Eckerd Corp, doing business as Rite Aid, a nationwide drug store chain, subjected an employee to unlawful discrimination when it failed to accommodate the employee’s disability, the U.S. Equal Employment Opportunity Commission (EEOC) charged in a lawsuit.
According to the EEOC’s lawsuit (Equal Employment Opportunity Commission v. Eckerd Corporation d/b/a Rite Aid, Civil Action No. 1:10-cv-2816-JEC, filed in U.S. District Court for the Northern District of Georgia), Fern Strickland worked as a cashier for Eckerd Corporation, d/b/a Rite Aid, for 18 years. Due to severe arthritic symptoms in her knees, which limited her ability to walk and stand for long periods, Strickland periodically used a stool while stationed behind the counter. She had been allowed to use the stool by the employer since 2001. (WCxKit)
However, in January 2009, after a new district manager was assigned to Strickland’s store, the district manager decided to no longer accommodate Strickland’s disability because he “did not like the idea” that she used a stool. Strickland was terminated several weeks later because the manager refused to accommodate her disability “indefinitely.”
Such alleged conduct violates Title I of the Americans with Disabilities Act (ADA). The EEOC filed suit after first attempting to reach a voluntary settlement. The agency seeks back pay and compensatory and punitive damages for Strickland, as well as injunctive relief designed to prevent such violations in the future.
“The ADA protects the employment rights of disabled individuals who can perform their jobs with a reasonable accommodation,” said EEOC Regional Attorney Robert Dawkins. “This situation was especially egregious since Ms. Strickland had been successfully accommodated for over seven years before the new manager terminated her. The EEOC is here to vindicate the rights of people victimized by this sort of misconduct.”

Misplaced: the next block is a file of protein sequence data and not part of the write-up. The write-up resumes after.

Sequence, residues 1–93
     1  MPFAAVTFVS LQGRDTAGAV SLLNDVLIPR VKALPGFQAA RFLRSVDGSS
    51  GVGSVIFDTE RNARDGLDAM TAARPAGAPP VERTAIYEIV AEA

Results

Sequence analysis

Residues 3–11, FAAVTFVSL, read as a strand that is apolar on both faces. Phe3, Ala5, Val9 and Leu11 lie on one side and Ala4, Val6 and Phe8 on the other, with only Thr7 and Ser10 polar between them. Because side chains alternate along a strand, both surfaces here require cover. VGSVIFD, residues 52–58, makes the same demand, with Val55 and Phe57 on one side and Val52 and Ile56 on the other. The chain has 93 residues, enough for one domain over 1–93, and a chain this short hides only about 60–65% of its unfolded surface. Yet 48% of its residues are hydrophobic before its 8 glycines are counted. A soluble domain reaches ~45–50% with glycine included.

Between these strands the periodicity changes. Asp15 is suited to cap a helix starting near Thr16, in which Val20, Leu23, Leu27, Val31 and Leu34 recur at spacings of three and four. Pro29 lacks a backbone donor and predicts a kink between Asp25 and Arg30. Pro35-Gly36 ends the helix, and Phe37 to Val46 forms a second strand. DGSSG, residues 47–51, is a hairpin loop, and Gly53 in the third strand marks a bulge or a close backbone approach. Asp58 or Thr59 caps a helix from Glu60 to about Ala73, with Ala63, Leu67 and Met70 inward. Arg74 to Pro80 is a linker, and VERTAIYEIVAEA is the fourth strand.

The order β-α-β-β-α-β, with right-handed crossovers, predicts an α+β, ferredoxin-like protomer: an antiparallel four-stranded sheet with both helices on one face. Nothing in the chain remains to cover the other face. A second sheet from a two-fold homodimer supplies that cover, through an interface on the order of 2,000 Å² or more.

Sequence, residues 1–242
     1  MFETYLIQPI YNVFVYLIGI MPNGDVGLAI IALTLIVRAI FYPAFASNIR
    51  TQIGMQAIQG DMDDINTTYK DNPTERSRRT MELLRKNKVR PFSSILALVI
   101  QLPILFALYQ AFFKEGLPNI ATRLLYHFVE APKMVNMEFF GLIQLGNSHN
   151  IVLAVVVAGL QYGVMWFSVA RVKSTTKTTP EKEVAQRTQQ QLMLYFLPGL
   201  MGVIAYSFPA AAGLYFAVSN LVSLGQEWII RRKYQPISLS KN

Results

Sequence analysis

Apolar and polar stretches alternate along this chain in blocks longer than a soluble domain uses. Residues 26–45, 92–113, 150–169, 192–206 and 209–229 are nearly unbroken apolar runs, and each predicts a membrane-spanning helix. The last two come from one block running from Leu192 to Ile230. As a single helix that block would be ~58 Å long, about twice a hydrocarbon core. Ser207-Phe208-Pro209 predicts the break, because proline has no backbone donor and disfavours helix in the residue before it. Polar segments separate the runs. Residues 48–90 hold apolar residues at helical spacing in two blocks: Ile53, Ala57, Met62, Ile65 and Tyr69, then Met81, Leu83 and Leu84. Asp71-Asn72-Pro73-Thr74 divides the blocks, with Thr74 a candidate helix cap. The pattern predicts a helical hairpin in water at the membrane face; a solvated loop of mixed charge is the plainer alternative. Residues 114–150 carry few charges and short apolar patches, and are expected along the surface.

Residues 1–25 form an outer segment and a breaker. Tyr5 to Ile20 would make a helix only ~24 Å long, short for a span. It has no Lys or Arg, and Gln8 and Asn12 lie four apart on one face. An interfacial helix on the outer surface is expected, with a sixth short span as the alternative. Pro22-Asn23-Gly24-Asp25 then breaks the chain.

This case is one of three ADA suits announced by the agency recently, all of which were brought under the broader and simplified definition of disability set forth in the ADA Amendments Act. (WCxKit)
The other two are EEOC v. Fisher, Collins & Carter (Case No. 10-cv-2453, filed in the U.S. District Court for the District of Maryland), filed in Baltimore, involving the layoff of two employees who had diabetes and hypertension; and EEOC v. IPC Print Services (Case No. 10-cv-886 in U.S. District Court for the Western District of Michigan), which involved the discharge of an employee with cancer who requested a temporary part-time schedule as an accommodation of his disability.
Author Rebecca Shafer, JD, President of Amaxx Risks Solutions, Inc. is a national expert in the field of workers compensation. She is a writer, speaker and website publisher. Her expertise is working with employers to reduce workers compensation costs, and her clients include airlines, healthcare, printing/publishing, pharmaceuticals, retail, hospitality and manufacturing. Contact: RShafer@ReduceYourWorkersComp.com.
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